e Onley areas that I would fix a little bit is the eyes are a little bit lost because we don't have enough light coming into them, right? So rather than the eyes popping, they sink into the head a little bit. Doesn't it look like that? Because look at how bright the skin is right here. How about the skin is right here. The highlights right here. And then his eyes sunk back. Okay, So getting that light down and a little bit more pushed forward is going to get that light right into the eyes and give him much stronger whites. More, more people action and kick up the highlights as well. That's the main thing. Look at this beautiful kicker right here. Let's see this. That's so great. That's probably if you did this by yourself, I'd imagine that you position yourself with the sun off to that side or something on that side, reflecting and kicking a little bit of light into this side of the face. And it looks fantastic. It creates really a lot of dementia on this side of side of the face. Um, this side looks great to just left in shadow like that. I really like the main thing that I would focus on is the eyes. I would also say like it always helps to. It's really difficult if you're shooting it yourself, but there's a lot of things that we can do. Peter Hurley has made the switch known by everybody, but that's soft, like kind of squint that you could do with the eyes gives an image a little more interest than just an open, wide eyed stare right on open, wide eyed stare can. For this case, it looks fine. It doesn't look, it doesn't look bad. But if I were to do it, you'd see the whites above my eye a little bit and we get the confused Look, this is like I look confused, right? Like, uh huh Did you ask me a question? But all the time I'll see that in head shots were like they take a shot in the guys like I'm like, Oh, they had question. I gotta answer the question before you take a photograph. So just just have them do a little bit of a squint like an easy switch. But I like the expression on this is great. Okay, let's look at this one. I like this image a lot There's a lot of things that I think are working for it and a couple things that might not be. Let's take a look. This is by Siggy Kirkpatrick and focus of critique is General. It's street photography. Great shot. A friend's daughter in a visit to us in the UK would like to receive critique. Didn't have reflect with me. So no catch lights. Does that matter? OK, great. So it looks like the person that was asking the critique actually identified kind of one of the issues with the shot. Right? That's fantastic. So here's what I would say. Should you have had a reflector, it helps. But even if we didn't, we probably could have positioned her. It looks like you're in a metropolitan area, right? So what I would say is find a position where you have a natural kicker, Okay? Again, it could be anything like it could be just a semi when we're shooting street photography and you're looking for stuff. Look for things that are anything neutrally toned and fairly bright. All we have to like earth tones like tans and soft, yellowish kind of colors are great. Soon as it becomes yellow or orange or red. Don't don't use those reflectors because they're sending that color of light, right? But if you found a nicely toned wall, you just go on, move them next to it and get that Get your catch lights that way rather than carrying around reflectors and stuff. It's a really great way of doing Street Portrait's because what happens with this kind of a shot is the face is once again a little bit lost in the image, right? We have highlights, highlights, highlights, highlights and the face is a little bit lost. There's another easy way of fixing this with me. Okay, I'm gonna go ahead and pull it. Photoshopped. One of the reasons why people love I can spell it right? Why people love to go really bright on images is because it takes away from stuff like that. So I'm just gonna grab my snipping tool so I can show this. Let's flip over to that and let's nip this. It's OK that we have the icons in there and I can agree with that, OK, it's good. A photo shop. If there was an easier way of doing this. I'm sorry. All right, Okay, So watch what happens if I add a little curve layer to this. Just gonna pump this up a little bit and bring the highlights a little bit down. Make the strong highlights kind of go a little bit more flat and and add a bit of shadow into the image. Okay, look at that. One simple adjustment before and after. That kind of did a lot of the trick for us. Didn't I mean, we could do that. And by the way, here's light room like, let's just say we're using light room. Well, like, room is the same thing as adobe camera. Right? And you can now access this camera filter from this menu so we could go into this side. We could do the exact same thing. We could pump this up. We could choose to kind of bring our highlights down a little bit, bring our blacks down a little bit, add a little contrast, and I watched this right there. I'm gonna go into I don't usually use, uh Let's find up. You know, I think they put it up on the menu there again. This is a radio filter I don't usually use a photo shop for this were usually in light room for this. So what we're gonna do is I want the effect to be on the outside, and I want to pull down the exposure a little bit. Okay? Is that not a pretty dramatic difference in the image? So just know that Hey, you know what? If I don't have these tools available to me on site Aiken do my best in positioning and that kind of stuff. And then there's certain things that I could do in post to make it much better. Also, there's a couple things in the flyways I love the way the general hair flyaways. They're going this way. There's a couple of them. I'd fix this little guy right there. This little guy right here and this little guy right here, those are ones that are kind of really brightened strong, that are going against the bright enough to be noticeable. And they're kind of going against the flow of her hair naturally. So I just kind of next. Those looks really good, though. I like that portrait. Let's go back. Okay. Find some or from Wait. This one's from I think we want to do this unless you this one. Okay, Pretty cool. Let's take this out. This Michelle standard for this is the focus of critique is the lighting. We don't have X if dream for 20 to photograph dancers stepped on my comfort zone and asked her new concession on the scene is beautiful. Lead in the subject of the trees along each side created lots of shadows on the ground. Okay, The shadows on the ground are actually one of the things that I feel like going for the image. It's really cool looking things that are going against it. So what's going for is I love, you know, like dancers and poses like this, they automatically add so much interest to ah frame. And by the way, when I look at an image for critique, there's a couple things that I look at. So number one is story and purpose. Number two is composition, and number three is lighting now. Purpose and story. This includes a couple different things. It's the narrative, but it's also the expressions, right? So And the reason I say that is because this always trumps these two things. Always because noticed that some of the most powerful and moving photographs in news and photojournalism. I have no lighting, no nothing. Compositionally there. Nothing special to look at. But they are all about the story, the narrative same thing about, you know, whether you're doing family photos or a wedding. A laugh, a genuine laugh of a child whose parents are watching him growing up every day is going to be more appreciated than a regular portrait that has beautiful lighting without a great expression, right, capturing those kind of moments and those story pieces are paramount. But if we can incorporate composition and lighting into that, that makes a good photograph even better, potentially make a great photograph. So what we have here is something really interesting. The narrative is cool. We see that she's a dancer. We see that you know, we have those pieces and it makes it interesting to look at. The thing that is drawing me back is that the dappled lighting coming through the trees is hitting her and kind of weird ways. And so we have strong highlights here on the arm. We have, like, kind of ah area shadow right here We have shadow in the arm over here and a lot of light on the face. Not necessarily. I'm a terrible thing, but, I mean, we can weaken, change that and modify that quite a bit by bringing another light and adding to the existing light. Okay, so we can actually bring in. You'd probably want, say, a pocket strobe or a larger stroke that you modify with, like a soft box or some like that. Bring that in, added that existing light and what that will do is open up the shadows. It'll still allow some of the highlights to kind of come through for that son to kind of come through, but it will bring a lot of natural pop to the image. The thing is her form on this side. It's a good thing that she's against a brighter background right here. If she weren't, her form would get lost. And this is where, like on an image like this and dancer type stuff, I think dance anything. Fitness. We generally use more than one light because we like to show up the form and figure the body. And by putting highlights on edges, that's when we can do that. So it really benefit if there it was possible to put something on that side, but otherwise that it looks like our focus was a little bit off. So it looks like this was our plane of focus, or maybe like, right here, and she's a little bit behind it, so it looks a tiny bit on the soft side. But I like compositionally what you're going for, and I like the fact to that. For the most part, she's actually I don't know if this is intentional or not, but I always try and frame people in the area of highlight on an image, and you can see that this strip of highlight is primarily where she sprained in the background, which is nice. If you can put people in those areas of highlight naturally in the frame, you'll draw attention into them. I just wanted to chime in and let you know that Michelle Ass is in the chat room and she says, Ik, thank you so much pie cool, Great to hear you're watching. I like the Eakes, All right, let's take another one. Who's Simon? I'm in fame in Okay, Wedding General. That's a lot of writing, but It's all right, you're inspired. Okay? I'd like to get their full reflection, the floor in the sense of the terminal. There's a long row of seats behind the bottom frame. I could have gotten up on that. So it's really nice to see the limitations and challenges because a lot of times you see this and like, first thing, like Go, Where's the reflection? And you're like, OK, I didn't see that I know is that I just couldn't do it so automatically. That kind of gives us a focus. I love this dude. Here is a couple things. First, I think it's fantastic. You pull out the dress. Simon's You've been in my class before, so you've done some so many awesome things with this shot, pulling out the dress and elongating it looks fantastic. Having the arm coming down like oppose looks great. One arms up so they're not marrying like all those kind of things are beautiful and fantastic stuff that we talked about a lot and incredible engagements is a lot of the posing and how not to mirror. Instead of something, it looks natural. We have good clean shots of the profile. I see one issue that you could have fixed by getting a little bit higher or a little bit lower. And that is the rail that makes it look like she has a really big nose. Um, so that that rail that's dropping right behind her is you could easily have framed that behind the arm or put them above and shot down. Or either way, just just see that in camera. And it's It's so easy to say right now because this is blown up big on a screen, right? And you're like, Yeah, as a 40 by 60. I can see that. But I want you guys to get used to taking a shot and going That is an awesome shot. While you're looking on your camera, zoom in and go around the frame and just do that. Anytime you create a shop, which is just noteworthy, move around the frame and I go, Oh, you know, I just noticed something. Let me do this again, and the best way to do is be like, Oh, you guys, eyes were closed. I got to do that again. I'm not really I Sometimes they're like could even see our eyes from there. I'm like, just don't worry about it. Just do it. The other thing is you're going for a symmetrical composition right here, Right, So beautiful. Look at this line that goes all the way up and down to the side that is, like, perfectly composed. And whether you did that in camera, whether you cropped it later on Fantastic, that's perfect. We know that you couldn't get lower to add the, you know, toe do whatever with the ground. So are sorry you couldn't get the reflection in the ground. But you notice how they're not true center Just a little bit. Right. So that's one of those things that would kind of bug me a little bit in terms of like, Hey, if if one of our shooters came back with, like, you know that perfect, you just needed them to scoot a tiny bit this way and then perfect that shop other that that was fantastic. It's a really beautiful shot. I love the black and white ing of this image really makes it work. And the whole reason why is because by black and white ing it, we get a focus on the detail and the emotion of the shot rather than the color. Because all bet, toe goodness, that if you have this in color, it's gonna be wonky. You have all sorts of weird tones all around here. You're gonna have green the background. You have a white sky, have all that kinda stuff going to black white lets this kind of hone in on what it is. So it's a really good choice. Otherwise, if you were intending to keep it as color, you would need to add Flash to pump down all the other crazy lights in the same really cool shot, though. What are their? Did you have another assignment? They had this one, This one terminal. Beautiful. Yes. Simon Mendiola. That's fantastic. Okay, let's take a look at this. All right, buddy? You're like me, except in the written form. Okay, good. I'm just glancing at it to make sure, So let me take a look with you, Simon. Your eyes are like just a little bit to the left because, like all your there just a little bit, I'm just getting It's beautiful. It looks amazing. But you had that same thing going on where they're just a tiny step to the left, so moving them a little bit would be fantastic. This rail, obviously there's nothing you can do about that in camera, Right? But in post, wouldn't that be a super easy thing just to grab and do a little replace inside a photo shop? So that's something where I see and I go, Hey, you know what I can just knocked out in photo shop. Or, better yet, if you could place him in a way where it might actually work, where if he was standing over a little bit and the dress was pulled back, you could get that rail in front of his pants and it would just darken out basically, and it wouldn't be really present. Make sure you get it right, cause then it would look up seeing if you didn't, you know, just saying all right. He's like, OK, the flash. This backlash is what makes this shot work because you have a very busy scene. And this is what creates that entire highlighting the shot. This is actually what's also making everything else more interesting. The light that's up here, you can actually see this. Look, let's identify the light sources. So look here. This is the metal that's actually reflecting right from that flash that we can see the flash right there. We can see the flash right here and in the reflections in the mirrors. We can see that flash going off right in each of those reflections. Sorry. People that are like Hosea gear, like, stop touching the screen. Okay, so it looks fantastic. The other kind of things that if this were to be a portfolio piece for me, I would knock out the logos. So just like the sign it down here that, like, you know, we don't really need to see They don't It doesn't really add any interest of the image. It also makes it feel a bit more commercially knocking out it would also be fantastic. Like there's nothing you know, when I when I see this image, there's not really anything down here of interest to me. My interest is all here. Here, here, here, right here. So would you Would you crop it then? Yeah, I'd go with a panoramic crop straight across this. Just just show the top piece of the image. It's really strong, Really strong. Awesome shot um, and I'm sure that it's actually attack sharp. But just make sure that you actually have the profile detail, the face. I can't see it cause it's wide and kind of pulled out, but looks really nice. So this is about Harrison Barden. Focus of critique is lighting to speed light clamshell test. Great. I love that you're testing. That is the way to go. Okay. I only have to speed light, so that's a downside. But I make it work. You're right. You made it work. Let's see here. Okay, so let's look at the lighting here. All right? So the first thing I notice is that this was most likely photographed with a 50 millimeter lens because his nose is a little bit large in proportion. Everything else you can see that like the chin, the job, everything is exaggerated. And so most likely it's a wide lens that's being shot up close. I'd recommend getting off that land. You can also see it because look at how small the years are in proportion. Everything. So we lose our proportions. We do that. The next thing I'm noticing is that check this out. You actually see this in the catch light. Do you notice how this light right here is brighter than that light? And this light right here is larger and brighter than that light. This is Ah, common. Go wrong in clamshell lighting is you need your top light clam shells when you set up, have a reflector overhead. You have a reflector underneath, so generally your and it could be anything. You could have a light and give a beauty dish up here with a reflector down here. You could do whatever you want with it, but it's light coming from above and from below. You need this light that's coming from above to be brighter than the light coming up from below. Because what happens is as soon as the light from below is more powerful. You get up lighting and you can see the up lighting right here. Look at the nose. Right here. You see up lighting right there. Up leading right here. See the shadows? Those shadows create from the light coming up, hitting the nose and creating a light right there. Look at the highlights underneath the eyebrows where you're supposed tohave shadow, right? We see up lighting right here and look at this. You can see it. Even on the chin. We see an area of shadow right here. Look at this right there. Look at the neck. See how odd this is. This area of highlight with shadow underneath it, that's the up light that's coming up. Whenever we up light, we create that campfire light look, and that's a great look when we want, you know, something looks scary and kind of dark and mysterious and that kind of stuff, like they do a lot in films when they need to have that up lit. Look, look, look, look, look, look, look, look, OK, but four general Portrait's That's not something that would necessarily want. So make sure that your light source coming up is brighter. The easy way to do this is instead of using a silver reflector below, have your light come from above from the primary light source that needs to be stronger. Use a white below. So if if your primary light source is coming from either a flash or a silver above and you're reflecting from a white below, your naturally gonna be bringing up less light. The other ways of doing it is if you want to use whites all around, play with your distance to make sure that you're getting even lighting. But great. I love it. I love the fact you play around their speed lights, something.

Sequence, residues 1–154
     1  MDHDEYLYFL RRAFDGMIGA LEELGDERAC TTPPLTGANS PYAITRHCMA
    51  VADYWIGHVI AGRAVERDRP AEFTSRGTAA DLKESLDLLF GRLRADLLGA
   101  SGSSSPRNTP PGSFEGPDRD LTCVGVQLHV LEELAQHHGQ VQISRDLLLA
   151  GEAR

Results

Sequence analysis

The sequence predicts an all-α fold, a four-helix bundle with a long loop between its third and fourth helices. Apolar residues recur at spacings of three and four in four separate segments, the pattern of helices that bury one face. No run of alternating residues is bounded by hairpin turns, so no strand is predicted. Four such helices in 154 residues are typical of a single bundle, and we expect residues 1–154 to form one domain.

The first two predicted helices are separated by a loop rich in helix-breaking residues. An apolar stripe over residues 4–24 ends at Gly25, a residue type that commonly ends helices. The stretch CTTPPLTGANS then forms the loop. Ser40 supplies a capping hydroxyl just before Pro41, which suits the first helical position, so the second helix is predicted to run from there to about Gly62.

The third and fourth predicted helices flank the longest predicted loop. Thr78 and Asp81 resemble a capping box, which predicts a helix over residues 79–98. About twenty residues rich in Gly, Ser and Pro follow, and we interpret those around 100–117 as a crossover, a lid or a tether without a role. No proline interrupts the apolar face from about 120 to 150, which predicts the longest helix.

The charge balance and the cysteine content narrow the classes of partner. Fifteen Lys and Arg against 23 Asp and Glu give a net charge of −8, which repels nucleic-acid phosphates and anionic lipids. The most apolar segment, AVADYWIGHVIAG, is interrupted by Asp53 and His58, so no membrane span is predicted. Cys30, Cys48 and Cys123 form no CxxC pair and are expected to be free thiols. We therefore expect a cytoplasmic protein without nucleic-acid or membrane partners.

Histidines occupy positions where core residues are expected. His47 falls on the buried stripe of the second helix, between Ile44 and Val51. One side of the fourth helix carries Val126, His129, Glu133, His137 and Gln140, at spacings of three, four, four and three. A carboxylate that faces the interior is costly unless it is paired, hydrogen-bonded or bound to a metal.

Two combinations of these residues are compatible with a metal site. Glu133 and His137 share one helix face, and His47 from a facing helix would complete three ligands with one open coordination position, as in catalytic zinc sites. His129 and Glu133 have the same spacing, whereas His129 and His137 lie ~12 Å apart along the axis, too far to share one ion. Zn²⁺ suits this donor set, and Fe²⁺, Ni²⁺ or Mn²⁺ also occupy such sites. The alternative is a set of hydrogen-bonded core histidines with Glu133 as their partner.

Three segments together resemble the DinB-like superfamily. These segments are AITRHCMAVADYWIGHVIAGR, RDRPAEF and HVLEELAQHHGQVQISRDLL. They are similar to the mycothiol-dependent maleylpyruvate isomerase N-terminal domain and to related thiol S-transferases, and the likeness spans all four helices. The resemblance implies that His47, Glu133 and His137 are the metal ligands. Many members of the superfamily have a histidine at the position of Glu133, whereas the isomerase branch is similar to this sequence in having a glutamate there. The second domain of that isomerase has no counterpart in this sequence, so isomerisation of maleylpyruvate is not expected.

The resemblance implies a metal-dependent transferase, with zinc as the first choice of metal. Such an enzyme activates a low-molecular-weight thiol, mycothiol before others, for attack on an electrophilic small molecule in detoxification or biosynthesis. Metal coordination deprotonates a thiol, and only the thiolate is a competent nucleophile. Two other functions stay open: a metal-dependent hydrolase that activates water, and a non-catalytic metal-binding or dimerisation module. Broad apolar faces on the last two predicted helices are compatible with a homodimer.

Class Description


Pye Jirsa and CreativeLive held an open Q&A based on the lessons taught in Photography 101, Lighting 101, and Lighting 201 classes. 

This course includes questions based around the fundamentals of using your digital camera, camera flashes, and the intricacies of posing.  Pye demonstrated with live models and gear to make this a free course that truly benefits your catalog! 

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Pye is an awesome instructor! He explains everything in a way that you understand it. He is a wealth of information. Love all of his classes!! I love Creativelive and SLR Lounge! Continue doing the great work that you do!!

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Pye is an amazing teacher! I've learned so much from him over the years - both in person and through his tutorials. What's even more amazing is that he is able to do it LIVE! He is able to clearly explain complicated concepts through easy to understand lessons. I highly recommend his courses to learn everything from the basics to advanced topics!